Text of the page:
Portland, Ore.-based Bonneville Power Administration (BPA), a federal electric utility that operates a high-voltage transmission grid, has decided to build a major new transmission project called the McNary-John Day 500 kV transmission line.
The $246 million project, made possible in part because of new borrowing authority in the American Recovery and Reinvestment Act, is expected to create about 700 jobs at its peak. When commissioned in late 2012, the line will allow BPA to provide service for up to 870 MW of energy, including service for more than 700 MW of new wind energy. Work is expected to begin this spring, says BPA.
The line will run from BPA's McNary substation in Oregon, cross the Columbia River and run parallel to the Columbia River for 75 miles – mostly within existing rights-of-way – and then cross the Columbia River back into Oregon and end at BPA's John Day Substation.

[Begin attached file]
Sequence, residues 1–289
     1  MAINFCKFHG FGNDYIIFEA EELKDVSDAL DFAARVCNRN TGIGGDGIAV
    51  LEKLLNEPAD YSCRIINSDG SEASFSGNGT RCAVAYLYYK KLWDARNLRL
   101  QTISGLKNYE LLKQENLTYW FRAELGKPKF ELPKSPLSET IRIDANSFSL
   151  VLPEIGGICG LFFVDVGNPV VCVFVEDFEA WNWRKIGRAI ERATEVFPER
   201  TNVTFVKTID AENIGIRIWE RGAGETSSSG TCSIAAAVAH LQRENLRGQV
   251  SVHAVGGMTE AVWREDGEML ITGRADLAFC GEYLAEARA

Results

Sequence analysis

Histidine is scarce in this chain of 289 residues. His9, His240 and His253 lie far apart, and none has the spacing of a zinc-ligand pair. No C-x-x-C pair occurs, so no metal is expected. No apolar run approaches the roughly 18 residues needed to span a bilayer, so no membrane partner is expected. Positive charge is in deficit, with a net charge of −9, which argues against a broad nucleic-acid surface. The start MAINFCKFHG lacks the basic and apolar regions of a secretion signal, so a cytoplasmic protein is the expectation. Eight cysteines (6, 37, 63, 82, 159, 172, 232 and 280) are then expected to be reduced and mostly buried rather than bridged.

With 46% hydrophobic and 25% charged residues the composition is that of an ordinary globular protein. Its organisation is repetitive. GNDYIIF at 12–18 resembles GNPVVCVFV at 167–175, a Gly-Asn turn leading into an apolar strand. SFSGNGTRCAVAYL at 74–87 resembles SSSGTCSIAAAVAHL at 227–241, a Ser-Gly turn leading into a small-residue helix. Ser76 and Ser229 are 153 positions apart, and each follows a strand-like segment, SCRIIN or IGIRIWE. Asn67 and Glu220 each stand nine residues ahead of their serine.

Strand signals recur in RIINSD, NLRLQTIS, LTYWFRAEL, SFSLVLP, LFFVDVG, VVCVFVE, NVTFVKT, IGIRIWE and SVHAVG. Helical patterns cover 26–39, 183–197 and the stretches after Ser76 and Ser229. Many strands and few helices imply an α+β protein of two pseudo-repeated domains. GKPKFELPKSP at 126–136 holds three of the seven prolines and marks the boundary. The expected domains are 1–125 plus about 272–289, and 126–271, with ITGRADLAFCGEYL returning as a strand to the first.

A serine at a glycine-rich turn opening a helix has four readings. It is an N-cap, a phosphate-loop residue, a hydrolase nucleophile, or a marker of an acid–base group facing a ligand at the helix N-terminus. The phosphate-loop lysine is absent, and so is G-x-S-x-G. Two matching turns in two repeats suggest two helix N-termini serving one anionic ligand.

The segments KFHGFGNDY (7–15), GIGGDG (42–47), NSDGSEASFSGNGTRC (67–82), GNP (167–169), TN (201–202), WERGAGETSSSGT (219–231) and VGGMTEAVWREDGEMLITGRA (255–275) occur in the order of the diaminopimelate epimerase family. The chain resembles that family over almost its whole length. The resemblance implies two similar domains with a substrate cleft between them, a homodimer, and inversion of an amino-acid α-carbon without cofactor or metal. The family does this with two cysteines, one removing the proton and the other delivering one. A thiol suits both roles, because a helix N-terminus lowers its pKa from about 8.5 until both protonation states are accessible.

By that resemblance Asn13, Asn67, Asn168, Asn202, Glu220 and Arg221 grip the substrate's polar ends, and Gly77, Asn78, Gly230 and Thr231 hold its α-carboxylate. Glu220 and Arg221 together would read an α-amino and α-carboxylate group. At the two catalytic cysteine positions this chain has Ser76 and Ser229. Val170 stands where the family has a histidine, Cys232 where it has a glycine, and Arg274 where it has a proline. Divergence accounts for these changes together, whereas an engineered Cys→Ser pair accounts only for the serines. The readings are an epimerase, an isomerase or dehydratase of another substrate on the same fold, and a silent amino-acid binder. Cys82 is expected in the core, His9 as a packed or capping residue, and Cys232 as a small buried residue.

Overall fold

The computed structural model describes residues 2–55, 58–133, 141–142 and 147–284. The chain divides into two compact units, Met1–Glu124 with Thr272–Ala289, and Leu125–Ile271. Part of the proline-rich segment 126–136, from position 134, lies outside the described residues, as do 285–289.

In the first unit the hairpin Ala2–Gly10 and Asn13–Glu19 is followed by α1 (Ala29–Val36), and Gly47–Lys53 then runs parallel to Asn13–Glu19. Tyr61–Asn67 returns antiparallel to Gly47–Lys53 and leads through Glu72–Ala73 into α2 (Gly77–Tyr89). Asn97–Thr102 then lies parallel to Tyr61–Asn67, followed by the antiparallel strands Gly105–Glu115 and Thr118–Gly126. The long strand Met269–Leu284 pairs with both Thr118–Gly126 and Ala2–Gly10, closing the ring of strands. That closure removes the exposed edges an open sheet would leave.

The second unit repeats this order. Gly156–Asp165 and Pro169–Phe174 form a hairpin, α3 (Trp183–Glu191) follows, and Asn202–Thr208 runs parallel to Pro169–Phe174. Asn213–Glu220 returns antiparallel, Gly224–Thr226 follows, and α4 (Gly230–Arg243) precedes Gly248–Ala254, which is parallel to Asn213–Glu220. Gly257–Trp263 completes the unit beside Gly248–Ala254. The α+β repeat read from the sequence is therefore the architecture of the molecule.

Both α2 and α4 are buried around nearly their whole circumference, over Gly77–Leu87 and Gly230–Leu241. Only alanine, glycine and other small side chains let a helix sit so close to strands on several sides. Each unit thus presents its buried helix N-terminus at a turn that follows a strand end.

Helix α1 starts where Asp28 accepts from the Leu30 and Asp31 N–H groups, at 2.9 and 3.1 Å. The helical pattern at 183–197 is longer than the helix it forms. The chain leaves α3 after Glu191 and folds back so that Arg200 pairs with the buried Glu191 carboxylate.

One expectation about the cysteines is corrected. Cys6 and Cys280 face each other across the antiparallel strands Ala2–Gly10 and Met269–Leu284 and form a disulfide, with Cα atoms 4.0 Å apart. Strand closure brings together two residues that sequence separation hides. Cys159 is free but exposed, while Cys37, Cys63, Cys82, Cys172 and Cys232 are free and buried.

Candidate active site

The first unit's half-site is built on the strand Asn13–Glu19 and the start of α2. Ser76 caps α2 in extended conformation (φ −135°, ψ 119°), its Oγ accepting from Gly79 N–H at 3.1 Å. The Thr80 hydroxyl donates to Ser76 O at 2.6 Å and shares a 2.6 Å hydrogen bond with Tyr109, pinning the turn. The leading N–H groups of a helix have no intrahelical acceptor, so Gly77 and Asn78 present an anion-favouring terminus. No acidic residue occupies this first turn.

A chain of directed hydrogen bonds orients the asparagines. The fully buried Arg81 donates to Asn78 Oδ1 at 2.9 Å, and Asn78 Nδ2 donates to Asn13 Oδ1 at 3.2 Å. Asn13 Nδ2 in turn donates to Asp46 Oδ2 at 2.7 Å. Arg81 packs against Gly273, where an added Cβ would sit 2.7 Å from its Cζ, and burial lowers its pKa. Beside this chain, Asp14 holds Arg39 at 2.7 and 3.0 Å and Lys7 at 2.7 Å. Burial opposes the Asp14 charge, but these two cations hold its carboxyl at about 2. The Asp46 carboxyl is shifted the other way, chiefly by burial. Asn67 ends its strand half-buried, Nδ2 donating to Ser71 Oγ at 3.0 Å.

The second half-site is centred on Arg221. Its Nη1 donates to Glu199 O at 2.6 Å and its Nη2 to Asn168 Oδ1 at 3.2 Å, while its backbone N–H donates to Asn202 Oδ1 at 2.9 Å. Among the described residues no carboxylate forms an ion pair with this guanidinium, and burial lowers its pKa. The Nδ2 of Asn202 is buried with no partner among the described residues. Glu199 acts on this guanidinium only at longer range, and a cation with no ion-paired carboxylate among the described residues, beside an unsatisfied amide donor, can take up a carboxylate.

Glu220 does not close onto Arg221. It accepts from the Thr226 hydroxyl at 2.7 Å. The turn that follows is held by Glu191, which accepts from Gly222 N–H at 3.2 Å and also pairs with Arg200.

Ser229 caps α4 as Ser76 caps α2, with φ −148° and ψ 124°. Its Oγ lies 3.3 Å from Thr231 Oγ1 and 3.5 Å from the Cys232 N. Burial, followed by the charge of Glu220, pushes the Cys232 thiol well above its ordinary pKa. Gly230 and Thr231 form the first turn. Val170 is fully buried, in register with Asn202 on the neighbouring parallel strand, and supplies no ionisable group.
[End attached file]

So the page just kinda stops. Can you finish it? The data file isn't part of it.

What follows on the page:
In related news, the Western Area Power Administration (WAPA) has been given the authority to borrow up to $3.25 billion from the U.S. Treasury due to the recent passage of the economic stimulus package. WAPA now has a mechanism to provide federal funding in partnerships to develop transmission infrastructure that delivers renewable energy to market. Ten million dollars in non-reimbursable funds will help to jump start the transmission program.
According to WAPA, these funds can be used to construct, finance, facilitate, plan, operate, maintain or study construction of new or upgraded electric power transmission lines and related facilities – with at least one end point within WAPA's service area – that deliver or facilitate delivery of power generated by renewable energy resources.
WAPA plans to kick off a public process within the month to outline the policies and procedures it will use to carry out this authority and to seek interest in potential projects that can be funded using this new authority.
SOURCES: Bonneville Power Administration, Western Area Power Administration